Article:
Engineer and musician Greg Zweigle has built a "hybrid" digital piano, which combines the feel of a traditional acoustic piano with the MIDI capabilities and digital sound synthesis of an electronic piano — a project currently on its third iteration.
"A hybrid digital piano combines the physical action of an acoustic piano with MIDI, sound generation, and other features of a digital keyboard," Zweigle explains. "A few years back I decided to build my own. With a custom hybrid, I can use any piano action and even install it as a piano silent system. It gives me complete control over my piano's features and performance. The boards and sensors could also be used to invent new musical instruments."
Dubbed the "Stem Piano" — named for both the science, technology, engineering, and math subjects it demonstrates and for both plant and musical note stems — Zweigle's creation is an open source hybrid digital piano honed over the past three years. The overall architecture sees a physical piano action connected Hammer Position Sensor (HPS) boards, one per key — meaning 88 for a full-size piano keyboard — which then connect to one or two Integrated Processing System (IPS) boards, built around a Teensy 4.1 microcontroller or in one mid-stream revision a Raspberry Pi 4 Model B, and matching Six-Channel Analog (SCA) data acquisition boards.
"This simplifies and reduces the cost of testing an ADC [Analog to Digital Converter] and enables experimenting with different hammer or damper ADC resolution and sampling rates," Zweigle explains of his decision to break the SCA out from the IPS mainboard. "Also, ADC parts can often be in packages that are difficult to hand solder. A separate circuit board lowers the cost and impact of soldering mistakes."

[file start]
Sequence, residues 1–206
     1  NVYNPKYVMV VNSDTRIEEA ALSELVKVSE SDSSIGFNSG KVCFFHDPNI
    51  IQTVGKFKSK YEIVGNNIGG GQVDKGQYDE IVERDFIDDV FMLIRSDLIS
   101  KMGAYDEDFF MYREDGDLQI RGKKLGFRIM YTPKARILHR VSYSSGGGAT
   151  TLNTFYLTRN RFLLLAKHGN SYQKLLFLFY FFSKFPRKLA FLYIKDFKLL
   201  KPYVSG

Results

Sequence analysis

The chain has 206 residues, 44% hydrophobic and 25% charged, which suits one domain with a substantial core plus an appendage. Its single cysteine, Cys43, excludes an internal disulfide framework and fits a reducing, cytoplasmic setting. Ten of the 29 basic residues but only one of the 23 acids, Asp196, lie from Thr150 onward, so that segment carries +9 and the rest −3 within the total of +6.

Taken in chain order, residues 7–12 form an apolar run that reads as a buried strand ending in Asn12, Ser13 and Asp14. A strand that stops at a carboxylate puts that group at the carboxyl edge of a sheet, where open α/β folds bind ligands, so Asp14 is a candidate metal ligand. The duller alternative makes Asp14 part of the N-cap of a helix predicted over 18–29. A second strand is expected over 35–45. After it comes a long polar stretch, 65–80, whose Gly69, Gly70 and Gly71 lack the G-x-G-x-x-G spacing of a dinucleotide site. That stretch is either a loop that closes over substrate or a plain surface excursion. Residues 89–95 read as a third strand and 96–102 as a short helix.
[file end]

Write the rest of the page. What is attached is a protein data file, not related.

Once installed to an action — either as a dedicated digital piano or to convert an existing piano to "silent" mode — the IPS boards process the input from each key and output MIDI signals, but no audio itself. "Use external software to receive MIDI, convert to musical sounds, and that sends to speakers or headphones," Zweigle explains. An optional 2.8" touchscreen can be added for immediate feedback — though this, Zweigle notes, slows down the ADC sampling rate to 100 samples per second.
Full details on the project are available on the Stem Piano GitHub repository, where design files and source code are made available under the reciprocal GNU General Public License 3, with additional information on Hackaday.io; Zweigle estimates the build cost of the "least expensive" Stem Piano to sit at around $355, while the "most expensive" build which includes a dedicated processing board for dampers and calibration trimmers on each sensor comes in at $1,770.